To continue to shine, Tua needs Dolphins to master new techniques, attack approach |Schad

MIAMI GARDENS — Dolphins quarterback Tua Tagovailoa was fantastic in Sunday's training camp practice.

Tua connected with Tyreek Hill on a 40-yard touchdown.

Then Tua completed another bomb to Cedrick Wilson for a touchdown.

Tua was excellent on short, intermediate and deep passes.

Now comes the caution. No, it's not about how Tua is doing this in practice, not games, and certainly not games in Buffalo or Tennessee in January.

Yes, Tua's arm appears stronger and he's regained some confidence and he has a coach and teammates who support him. Yes, Tua is clearly an improved player.

But none of that will matter much if Miami's offensive linemen and tight ends don't accelerate their absorption of a brand-new style of offense, the outside zone.

When it works, it's a beautiful symphony.

Until it's pieced together seamlessly, it can be a cacophony.

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It's imperative that Miami's offensive linemen learn how to work in sync. And tight ends, too. They're the ones who are going to determine whether Tua has the time to do his thing.

"We have a lot of weapons," left tackle Terron Armstead said last week. "We’re just trying to get those guys an opportunity to make plays.”

Dolphins like 49ers-style zone offense

Player after player has said they're liking the 49ers-style zone offense. It can create misdirection. It can stress the bodies and minds of defensive coaches and players.

And it works. It just takes some time. On Sunday, coach Mike McDaniel, who explains things candidly and simply to both players and media, pulled back the curtain a bit.

McDaniel, asked specifically about tight ends, noted coaches are "undoing a bunch of technique that (players have) been used to their whole football lives."

Then McDaniel went further. The coach explained that tight ends, in particular, are often coached to "not get beat as opposed to attacking with known help."

You will notice Dolphins offensive players attacking space and attacking players in a more aggressive manner in 2022.

"We say, 'We’re going to go after the guy,'" McDaniel said. "Here, on these plays, you will have help. Here, you won’t. It’s really a completely different mindset. It’s almost like every time he blocks, he’s running a route."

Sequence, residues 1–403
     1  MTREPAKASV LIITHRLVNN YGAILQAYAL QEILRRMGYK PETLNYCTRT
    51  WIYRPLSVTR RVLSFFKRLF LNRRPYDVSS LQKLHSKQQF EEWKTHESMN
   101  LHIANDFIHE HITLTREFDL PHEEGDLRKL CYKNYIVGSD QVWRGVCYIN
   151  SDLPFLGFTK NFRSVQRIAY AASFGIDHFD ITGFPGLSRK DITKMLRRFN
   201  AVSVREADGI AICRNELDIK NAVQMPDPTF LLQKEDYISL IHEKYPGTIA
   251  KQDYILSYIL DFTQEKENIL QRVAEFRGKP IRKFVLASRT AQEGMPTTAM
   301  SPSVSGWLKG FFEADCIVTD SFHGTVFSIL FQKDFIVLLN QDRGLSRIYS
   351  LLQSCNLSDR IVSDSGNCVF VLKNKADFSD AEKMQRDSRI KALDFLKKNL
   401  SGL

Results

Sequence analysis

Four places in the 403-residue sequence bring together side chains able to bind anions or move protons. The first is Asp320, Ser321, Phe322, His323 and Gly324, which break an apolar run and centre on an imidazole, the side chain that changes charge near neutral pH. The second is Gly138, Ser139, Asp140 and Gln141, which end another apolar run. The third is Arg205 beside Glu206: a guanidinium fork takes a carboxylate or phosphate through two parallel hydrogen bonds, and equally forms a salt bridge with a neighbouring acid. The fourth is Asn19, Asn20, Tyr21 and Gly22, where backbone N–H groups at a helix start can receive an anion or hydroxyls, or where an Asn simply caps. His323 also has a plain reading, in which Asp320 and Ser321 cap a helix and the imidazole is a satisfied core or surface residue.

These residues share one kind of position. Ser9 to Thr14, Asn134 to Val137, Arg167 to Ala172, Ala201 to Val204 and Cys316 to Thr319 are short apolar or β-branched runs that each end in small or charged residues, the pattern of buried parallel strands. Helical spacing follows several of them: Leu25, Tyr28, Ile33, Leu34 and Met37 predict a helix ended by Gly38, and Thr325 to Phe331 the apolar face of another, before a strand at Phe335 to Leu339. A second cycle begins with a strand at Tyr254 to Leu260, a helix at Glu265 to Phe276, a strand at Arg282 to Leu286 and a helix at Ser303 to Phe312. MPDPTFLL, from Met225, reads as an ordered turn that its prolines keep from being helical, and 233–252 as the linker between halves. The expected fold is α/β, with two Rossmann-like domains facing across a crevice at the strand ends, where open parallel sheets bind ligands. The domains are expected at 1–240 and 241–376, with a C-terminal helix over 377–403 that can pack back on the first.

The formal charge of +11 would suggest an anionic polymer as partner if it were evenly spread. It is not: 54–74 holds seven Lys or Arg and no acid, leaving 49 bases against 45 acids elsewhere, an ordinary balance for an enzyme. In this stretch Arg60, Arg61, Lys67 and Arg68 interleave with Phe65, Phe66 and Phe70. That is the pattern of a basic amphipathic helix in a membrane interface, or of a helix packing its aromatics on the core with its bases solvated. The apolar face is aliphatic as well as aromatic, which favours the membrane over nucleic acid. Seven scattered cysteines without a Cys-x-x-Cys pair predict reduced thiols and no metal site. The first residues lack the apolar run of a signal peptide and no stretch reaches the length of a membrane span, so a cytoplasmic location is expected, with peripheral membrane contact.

The same can be said about Miami's offensive linemen. They will no longer be sitting back on their heels.

"I have pretty big dreams," offensive tackle Austin Jackson said recently. "I’m going to live up to them.”

Jackson has more confidence because not only are his coaches encouraging him but all involved believe he's a better fit for this scheme.

Jackson's athleticism should work in his favor. He knows the play. He knows the snap count. He knows where he is headed before the play begins.

Dolphins quarterback Tua Tagovailoa, passing during last Friday's practice in MIami Gardens, has looked better in the first two weeks of training camp.

Less react. More attack.

"I think this offense and scheme is an o-line-friendly scheme," guard Robert Hunt said. "It’s a beautiful thing."

No excuses for Tagovailoa this season

Tagovailoa is entering a no-excuses season. And you can call it an excuse or a reason, but poor offensive line play, particularly protection, impacted his play in 2021.

ESPN recently projected Miami's offensive line to improve from worst in the league to 25th overall. If Miami could somehow get league-average line performance, that would make a big difference for the entire offense.

Based on what we've seen this spring and summer, the scheme should help Tagovailoa improve both statistically and with an eye test. And Miami's offensive line should be better, although this week's joint practices at Tampa could prove telling.

The Dolphins expect yards-per-rush and yards-per-catch to increase.

But in order for that to happen, Dolphins players are going to have to get very comfortable with what really are totally different assignments.

"Some schemes are, I mean, it's more 'front' a guy up," tight end Hunter Long said. "This scheme, you know, you're supposed to run with the ball, and we're getting there.

"And everyone has tendencies from what they learned in the past, where you went to college, what you learned from different coaching staffs. This coaching staff likes it one way, and we're definitely on our way to getting it."

Saturday's preseason game

Dolphins at Bucs

7:30 p.m.,  CBS

Joe Schad is a journalist at The Palm Beach Post part of the USA Today Florida Network. You can reach him at jschad@pbpost.comHelp support our journalism. Subscribe today.

This article originally appeared on Palm Beach Post: Dolphins new offense under Mike McDaniel should help Tua Tagovailoa